×
Community Blog [MySQL 5.6] Learning Performance Schema: Naming Conventions, State Variables, and Others

[MySQL 5.6] Learning Performance Schema: Naming Conventions, State Variables, and Others

Part 2 of this 3-part series explains the naming conventions and state variables of Performance Schema (PS).

This article was written by Zhai Weixiang.

Naming Conventions of PS Instrument

The naming of the Performance Schema (PS) instrument is similar to a tree structure. The highest level is the type of instrument, with a total of four types, namely idle, wait, stage, and statement. The name at the next layer may be a submodule name, such as sync and io. The next layer, such as sync, can be divided into mutex, cond, and rwlock, and then it may be a specific synchronization lock object or a module of the next layer.

1.1 Idle

The idle object indicates the idle information of the socket. The setup_instrument table only contains one column, and the column name is idle. The corresponding event it produces is in socket_instances.

mysql> select count(*) from setup_instruments where name like ‘idle%';
+———-+
| count(*) |
+———-+
|        1 |
+———-+
1 row in set (0.00 sec)

1.2 Stage

The naming rule for stage is stage/code_area/stage_name, and the code_area value is sql/mysys.

stage_name indicates each stage in the execution of the statement, such as storing results in the query cache, waiting for global read lock, etc.

mysql> select count(*) from setup_instruments where name like ‘stage%';
+———-+
| count(*) |
+———-+
|      108 |
+———-+
1 row in set (0.00 sec)

1.3 Statement

Its naming rule is statement/SQL or COM.

The next level of SQL indicates different SQL types, such as statement/sql/xa_commit and statement/sql/rollback.

In addition, statement/sql/select in the document is used in CREATE DATABASE and SELECT statements, which have not been confirmed yet.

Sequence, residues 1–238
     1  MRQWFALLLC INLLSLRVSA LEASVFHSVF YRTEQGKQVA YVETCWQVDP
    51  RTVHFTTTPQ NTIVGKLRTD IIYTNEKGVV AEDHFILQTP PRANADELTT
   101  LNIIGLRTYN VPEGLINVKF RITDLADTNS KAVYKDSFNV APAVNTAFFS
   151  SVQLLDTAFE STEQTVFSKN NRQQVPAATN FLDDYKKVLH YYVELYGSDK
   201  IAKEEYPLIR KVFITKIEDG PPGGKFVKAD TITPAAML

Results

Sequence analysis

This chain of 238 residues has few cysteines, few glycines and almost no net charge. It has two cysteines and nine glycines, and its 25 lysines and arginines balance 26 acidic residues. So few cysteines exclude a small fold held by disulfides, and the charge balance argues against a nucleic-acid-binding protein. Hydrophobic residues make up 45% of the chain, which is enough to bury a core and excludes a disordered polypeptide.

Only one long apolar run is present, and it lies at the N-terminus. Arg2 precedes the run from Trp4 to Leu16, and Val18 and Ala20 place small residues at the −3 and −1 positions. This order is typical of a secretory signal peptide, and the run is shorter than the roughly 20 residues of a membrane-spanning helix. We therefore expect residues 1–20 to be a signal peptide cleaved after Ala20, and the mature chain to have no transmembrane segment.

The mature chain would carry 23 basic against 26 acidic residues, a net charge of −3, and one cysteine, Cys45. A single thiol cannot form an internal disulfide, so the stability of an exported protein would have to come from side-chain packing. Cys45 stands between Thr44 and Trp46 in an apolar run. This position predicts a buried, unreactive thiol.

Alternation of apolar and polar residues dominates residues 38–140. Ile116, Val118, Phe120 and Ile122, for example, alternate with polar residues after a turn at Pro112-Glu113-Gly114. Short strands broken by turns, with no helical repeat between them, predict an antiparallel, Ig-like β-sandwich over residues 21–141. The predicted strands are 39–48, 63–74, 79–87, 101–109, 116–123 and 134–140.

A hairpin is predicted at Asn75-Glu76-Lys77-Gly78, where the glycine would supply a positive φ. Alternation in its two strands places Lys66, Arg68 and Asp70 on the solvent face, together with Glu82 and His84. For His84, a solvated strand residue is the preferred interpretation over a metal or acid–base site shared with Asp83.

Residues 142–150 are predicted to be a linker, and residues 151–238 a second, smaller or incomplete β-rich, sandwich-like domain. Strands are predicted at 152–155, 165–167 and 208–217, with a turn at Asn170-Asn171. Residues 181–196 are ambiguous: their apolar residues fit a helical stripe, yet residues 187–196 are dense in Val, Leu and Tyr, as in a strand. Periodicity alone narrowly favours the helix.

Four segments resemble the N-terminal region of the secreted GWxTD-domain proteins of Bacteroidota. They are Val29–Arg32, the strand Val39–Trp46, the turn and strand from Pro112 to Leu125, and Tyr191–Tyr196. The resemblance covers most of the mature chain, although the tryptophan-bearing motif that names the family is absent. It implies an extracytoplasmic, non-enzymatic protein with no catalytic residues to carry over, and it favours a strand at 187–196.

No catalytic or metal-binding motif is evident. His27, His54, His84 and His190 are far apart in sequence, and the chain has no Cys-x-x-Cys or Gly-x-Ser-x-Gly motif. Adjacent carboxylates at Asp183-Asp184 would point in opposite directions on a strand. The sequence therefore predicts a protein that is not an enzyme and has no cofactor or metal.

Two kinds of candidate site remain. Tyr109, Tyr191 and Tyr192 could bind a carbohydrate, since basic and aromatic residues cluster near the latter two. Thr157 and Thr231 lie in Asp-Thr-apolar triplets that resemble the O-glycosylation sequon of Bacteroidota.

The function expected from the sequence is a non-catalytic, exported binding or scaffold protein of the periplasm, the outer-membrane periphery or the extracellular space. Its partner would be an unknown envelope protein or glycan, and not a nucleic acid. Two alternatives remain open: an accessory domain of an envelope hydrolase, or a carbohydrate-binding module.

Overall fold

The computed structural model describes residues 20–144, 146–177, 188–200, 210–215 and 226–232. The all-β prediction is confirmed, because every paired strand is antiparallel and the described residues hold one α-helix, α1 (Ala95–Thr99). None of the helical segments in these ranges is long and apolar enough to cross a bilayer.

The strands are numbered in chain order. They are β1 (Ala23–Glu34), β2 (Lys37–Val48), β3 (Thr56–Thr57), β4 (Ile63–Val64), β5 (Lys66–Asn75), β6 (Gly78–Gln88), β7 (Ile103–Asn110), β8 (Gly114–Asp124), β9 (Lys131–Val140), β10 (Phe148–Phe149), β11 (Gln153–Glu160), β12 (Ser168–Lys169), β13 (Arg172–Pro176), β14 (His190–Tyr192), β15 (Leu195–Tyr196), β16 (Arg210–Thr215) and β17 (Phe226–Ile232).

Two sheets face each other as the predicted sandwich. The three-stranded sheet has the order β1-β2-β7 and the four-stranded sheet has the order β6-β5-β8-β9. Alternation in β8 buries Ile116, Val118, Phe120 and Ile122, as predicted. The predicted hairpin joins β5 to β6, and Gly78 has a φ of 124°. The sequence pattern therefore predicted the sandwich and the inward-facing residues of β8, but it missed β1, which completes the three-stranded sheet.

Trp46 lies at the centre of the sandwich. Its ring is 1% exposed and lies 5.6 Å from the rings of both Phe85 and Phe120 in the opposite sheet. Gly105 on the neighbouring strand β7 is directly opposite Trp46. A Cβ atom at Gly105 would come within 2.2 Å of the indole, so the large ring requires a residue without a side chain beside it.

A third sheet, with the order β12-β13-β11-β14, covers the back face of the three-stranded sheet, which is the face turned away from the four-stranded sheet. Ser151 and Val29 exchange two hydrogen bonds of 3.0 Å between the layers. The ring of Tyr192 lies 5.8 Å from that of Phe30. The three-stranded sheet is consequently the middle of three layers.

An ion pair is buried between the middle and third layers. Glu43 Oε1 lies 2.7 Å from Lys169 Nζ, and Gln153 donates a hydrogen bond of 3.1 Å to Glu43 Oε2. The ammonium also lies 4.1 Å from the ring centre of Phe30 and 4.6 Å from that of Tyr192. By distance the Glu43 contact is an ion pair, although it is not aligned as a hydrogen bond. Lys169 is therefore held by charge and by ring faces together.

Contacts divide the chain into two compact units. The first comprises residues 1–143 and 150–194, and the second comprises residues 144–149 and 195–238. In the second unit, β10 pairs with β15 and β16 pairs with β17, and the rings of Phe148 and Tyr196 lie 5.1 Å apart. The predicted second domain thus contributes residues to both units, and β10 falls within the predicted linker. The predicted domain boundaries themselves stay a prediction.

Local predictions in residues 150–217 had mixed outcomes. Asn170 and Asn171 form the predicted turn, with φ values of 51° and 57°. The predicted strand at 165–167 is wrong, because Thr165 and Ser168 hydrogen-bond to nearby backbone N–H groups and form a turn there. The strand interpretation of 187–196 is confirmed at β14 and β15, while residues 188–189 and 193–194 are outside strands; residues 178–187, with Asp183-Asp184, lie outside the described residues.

COM corresponds to the server command type in enum_server_command. For example, statement/com/Ping represents COM_PING.

1.4 Wait

We should pay more attention to the instrument of wait type because the concurrent waiting of MySQL is a very noteworthy part and is generally the cause of server exceptions. The wait type also includes I/O-related instruments.

  • wait/io

The operation time statistics on files (wait/io/file/ ) and time of socket operations (wait/io/socket) are included.

In addition, there are table I/O operations (wait/io/table/sql/handler ), including row-level operations on persistent tables and temporary tables and operations that affect rows (fetch, insert, and delete). Unlike other wait objects, the wait object of a table may contain other wait times. For example, the I/O of a table may contain file I/O or memory operations. Therefore, the I/O information in the table events_waits_current may also include wait/io/file objects. Two rows of data should be contained in the table.

  • wait/lock

Only the lock operation wait/lock/table/sql/handler on tables is included.

  • wait/synch

There are many synch objects, including condition variables (wait/synch/cond), mutex (wait/synch/mutex), and readers–writer lock (wait/synch/rwlock).

PS State Variable

PS provides information to show that some statistics are not included in PS due to limited memory space.

mysql> SHOW STATUS LIKE ‘perf%';
+———————————————–+——-+
| Variable_name                                 | Value |
+———————————————–+——-+
| Performance_schema_accounts_lost              | 0     |